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School of Social Sciences

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BAEcon Economics
Learn how the social sciences can help you to understand today's world.

BAEcon Economics / Course details

Year of entry: 2018

Course unit details:

Unit code PHIL20951
Credit rating 20
Unit level Level 2
Teaching period(s) Semester 1
Offered by Philosophy
Available as a free choice unit? No


This course unit is concerned with central questions in analytical aesthetics. The first half of the course covers general questions in aesthetics, such as: what is an artwork?; what is the relation between aesthetic properties, such as elegance and gracefulness, and nonaesthetic properties, such as colour and shape properties?; do perfect forgeries differ in aesthetic value from the originals of which they are forgeries? The second half of the course covers questions specific to the visual arts, such as: how does the way in which photographs represent their objects differ from the way in which paintings do?; what consequences does this have for the aesthetic appreciation of each?; what is it for a work of visual art to be realistic?; is cinema an especially realistic art form?


Pre-requisites: 20 PHIL credits at Level 1

20 PHIL credits at Level 1.


This course unit aims to:

- Enable students to analyse, and develop their own reasoned opinions on, some of the most central and enduring problems in analytical aesthetics.
- Enhance students' powers of critical analysis, reasoning and independent thought.
- Familiarise students with some of the most interesting and provocative texts in analytical aesthetics

Learning outcomes

On successful completion of this course unit, students will be able to demonstrate:

- Knowledge and understanding of a range of central texts in analytic aesthetics.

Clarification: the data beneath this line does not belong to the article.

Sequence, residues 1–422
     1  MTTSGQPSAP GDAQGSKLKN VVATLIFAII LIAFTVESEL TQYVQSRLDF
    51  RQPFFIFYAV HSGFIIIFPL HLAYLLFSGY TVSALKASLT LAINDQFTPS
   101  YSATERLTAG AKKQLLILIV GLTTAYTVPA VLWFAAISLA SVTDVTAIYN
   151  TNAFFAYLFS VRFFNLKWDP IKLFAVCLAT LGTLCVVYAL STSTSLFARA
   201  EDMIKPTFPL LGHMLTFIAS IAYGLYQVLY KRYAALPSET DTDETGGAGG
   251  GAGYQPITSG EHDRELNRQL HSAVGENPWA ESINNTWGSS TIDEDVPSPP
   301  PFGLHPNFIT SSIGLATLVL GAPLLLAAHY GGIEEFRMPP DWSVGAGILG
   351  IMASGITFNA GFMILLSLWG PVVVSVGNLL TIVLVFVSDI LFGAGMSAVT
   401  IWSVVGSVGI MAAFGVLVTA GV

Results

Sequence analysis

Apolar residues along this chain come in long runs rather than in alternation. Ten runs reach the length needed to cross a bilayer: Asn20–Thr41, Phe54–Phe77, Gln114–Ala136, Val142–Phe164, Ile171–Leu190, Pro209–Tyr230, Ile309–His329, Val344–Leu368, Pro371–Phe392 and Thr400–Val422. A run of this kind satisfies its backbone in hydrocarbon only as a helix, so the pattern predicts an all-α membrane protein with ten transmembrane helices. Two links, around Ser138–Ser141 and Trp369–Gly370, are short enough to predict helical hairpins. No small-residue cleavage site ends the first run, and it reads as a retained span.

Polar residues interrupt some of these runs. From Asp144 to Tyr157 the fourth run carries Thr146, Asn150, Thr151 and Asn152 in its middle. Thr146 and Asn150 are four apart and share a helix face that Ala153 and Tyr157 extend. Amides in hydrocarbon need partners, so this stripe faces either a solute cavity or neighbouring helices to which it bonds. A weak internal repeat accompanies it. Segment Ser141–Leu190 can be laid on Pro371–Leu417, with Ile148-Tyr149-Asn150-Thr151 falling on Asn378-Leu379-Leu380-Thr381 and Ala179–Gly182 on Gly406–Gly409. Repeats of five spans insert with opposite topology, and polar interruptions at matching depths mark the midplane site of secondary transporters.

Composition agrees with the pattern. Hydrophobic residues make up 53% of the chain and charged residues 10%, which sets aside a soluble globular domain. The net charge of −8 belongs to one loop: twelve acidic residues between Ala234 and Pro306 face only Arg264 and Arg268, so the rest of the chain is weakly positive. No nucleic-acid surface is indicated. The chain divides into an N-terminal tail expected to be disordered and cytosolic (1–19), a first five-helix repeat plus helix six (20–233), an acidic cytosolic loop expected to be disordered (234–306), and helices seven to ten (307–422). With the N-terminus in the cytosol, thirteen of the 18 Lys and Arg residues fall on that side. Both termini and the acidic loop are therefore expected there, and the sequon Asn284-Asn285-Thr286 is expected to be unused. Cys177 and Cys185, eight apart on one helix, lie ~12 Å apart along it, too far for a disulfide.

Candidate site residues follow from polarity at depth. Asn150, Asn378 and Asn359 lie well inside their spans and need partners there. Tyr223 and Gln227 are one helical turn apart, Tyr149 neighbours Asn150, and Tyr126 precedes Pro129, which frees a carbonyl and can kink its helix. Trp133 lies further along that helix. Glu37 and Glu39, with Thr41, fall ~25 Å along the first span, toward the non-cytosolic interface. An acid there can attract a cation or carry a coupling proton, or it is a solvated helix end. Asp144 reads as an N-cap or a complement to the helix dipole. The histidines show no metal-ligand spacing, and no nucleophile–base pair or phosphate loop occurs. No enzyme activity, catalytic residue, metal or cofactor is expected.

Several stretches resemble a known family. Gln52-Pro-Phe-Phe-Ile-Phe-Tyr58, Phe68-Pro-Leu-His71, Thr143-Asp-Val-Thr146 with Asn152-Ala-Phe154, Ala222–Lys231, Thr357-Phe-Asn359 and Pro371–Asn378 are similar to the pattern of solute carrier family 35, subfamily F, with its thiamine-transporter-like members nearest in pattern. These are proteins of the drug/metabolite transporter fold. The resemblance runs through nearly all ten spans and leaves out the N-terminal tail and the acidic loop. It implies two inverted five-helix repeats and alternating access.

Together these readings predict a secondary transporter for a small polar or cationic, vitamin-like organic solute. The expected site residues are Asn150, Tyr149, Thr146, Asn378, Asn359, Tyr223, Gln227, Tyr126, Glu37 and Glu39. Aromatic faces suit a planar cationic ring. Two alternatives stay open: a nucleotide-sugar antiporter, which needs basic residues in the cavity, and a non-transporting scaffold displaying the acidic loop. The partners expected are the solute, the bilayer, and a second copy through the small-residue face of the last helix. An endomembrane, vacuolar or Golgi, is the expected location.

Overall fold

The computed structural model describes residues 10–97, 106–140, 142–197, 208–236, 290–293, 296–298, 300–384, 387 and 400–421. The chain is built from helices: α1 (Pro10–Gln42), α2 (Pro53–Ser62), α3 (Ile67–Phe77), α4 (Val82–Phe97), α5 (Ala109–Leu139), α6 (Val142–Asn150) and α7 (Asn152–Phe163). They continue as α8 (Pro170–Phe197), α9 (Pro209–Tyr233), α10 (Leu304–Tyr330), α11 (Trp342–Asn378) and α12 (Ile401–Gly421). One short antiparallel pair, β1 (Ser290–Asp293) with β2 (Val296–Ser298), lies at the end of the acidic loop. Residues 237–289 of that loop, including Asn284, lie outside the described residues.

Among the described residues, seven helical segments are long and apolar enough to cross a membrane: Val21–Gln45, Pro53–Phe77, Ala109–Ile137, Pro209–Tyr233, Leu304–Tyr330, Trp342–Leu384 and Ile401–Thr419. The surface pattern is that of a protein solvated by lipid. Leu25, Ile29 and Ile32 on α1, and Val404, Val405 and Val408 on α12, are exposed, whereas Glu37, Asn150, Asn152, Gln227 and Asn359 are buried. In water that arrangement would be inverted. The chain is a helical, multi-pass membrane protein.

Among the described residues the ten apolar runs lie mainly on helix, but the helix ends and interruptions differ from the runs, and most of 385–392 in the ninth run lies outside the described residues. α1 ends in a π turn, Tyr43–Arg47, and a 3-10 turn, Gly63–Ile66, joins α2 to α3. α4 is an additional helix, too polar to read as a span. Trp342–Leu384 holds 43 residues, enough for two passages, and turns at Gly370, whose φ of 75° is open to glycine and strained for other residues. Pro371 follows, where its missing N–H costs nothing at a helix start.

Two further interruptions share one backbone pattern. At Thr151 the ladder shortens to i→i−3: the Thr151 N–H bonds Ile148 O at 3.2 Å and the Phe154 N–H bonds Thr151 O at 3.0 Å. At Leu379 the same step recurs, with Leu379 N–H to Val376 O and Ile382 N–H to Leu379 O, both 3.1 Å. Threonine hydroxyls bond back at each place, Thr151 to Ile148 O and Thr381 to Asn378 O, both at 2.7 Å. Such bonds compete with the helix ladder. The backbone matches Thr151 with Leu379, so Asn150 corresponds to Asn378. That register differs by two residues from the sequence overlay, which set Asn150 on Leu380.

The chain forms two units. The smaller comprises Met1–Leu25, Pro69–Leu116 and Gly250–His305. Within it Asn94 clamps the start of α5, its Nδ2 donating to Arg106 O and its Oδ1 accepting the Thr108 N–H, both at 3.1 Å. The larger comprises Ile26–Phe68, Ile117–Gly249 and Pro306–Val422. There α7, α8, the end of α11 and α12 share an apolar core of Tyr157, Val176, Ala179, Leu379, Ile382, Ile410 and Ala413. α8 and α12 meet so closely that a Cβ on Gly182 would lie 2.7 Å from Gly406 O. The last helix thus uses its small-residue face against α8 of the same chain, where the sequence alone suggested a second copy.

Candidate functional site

- Some in-depth critical knowledge of some of the most important theories in the areas covered by the course.
- The ability to critically reflect on those theories, and to articulate and defend their own views.

Teaching and learning methods

There will be a weekly 2-hour lecture and 1-hour tutorial (for which students will read key texts and prepare answers to questions set by the tutor).

Employability skills

Analytical skills
Oral communication
Problem solving
Written communication

Assessment methods

Method Weight
Other 10%
Written exam 55%
Written assignment (inc essay) 35%

Part of the assessment is by Tutorial Participation (Other) = 10%

Feedback methods

The School of Social Sciences (SoSS) is committed to providing timely and appropriate feedback to students on their academic progress and achievement, thereby enabling students to reflect on their progress and plan their academic and skills development effectively. Students are reminded that feedback is necessarily responsive: only when a student has done a certain amount of work and approaches us with it at the appropriate fora is it possible for us to feed back on the student's work. The main forms of feedback on this course are written feedback responses to assessed essays and exam answers.

We also draw your attention to the variety of generic forms of feedback available to you on this as on all SoSS courses. These include: meeting the lecturer/tutor during their office hours; e-mailing questions to the lecturer/tutor; asking questions from the lecturer (before and after lecture); and obtaining feedback from your peers during tutorials.

Recommended reading

Noel Carroll, Philosophy of Art: A Contemporary Introduction (Routledge, 1999)

Matthew Kieren (ed) Contemporary Debates in Aesthetics and the Philosophy of Art (Blackwell, 2006)

Gordon Graham, Philosophy of the Arts: An Introduction to Aesthetics (Routledge, 1997)

Alex Neill and Aaron Ridley (eds.), Arguing about Art (McGraw-Hill, 1995)

Study hours

Scheduled activity hours
Lectures 20
Tutorials 10
Independent study hours
Independent study 170

Teaching staff

Staff member Role
Julian Dodd Unit coordinator

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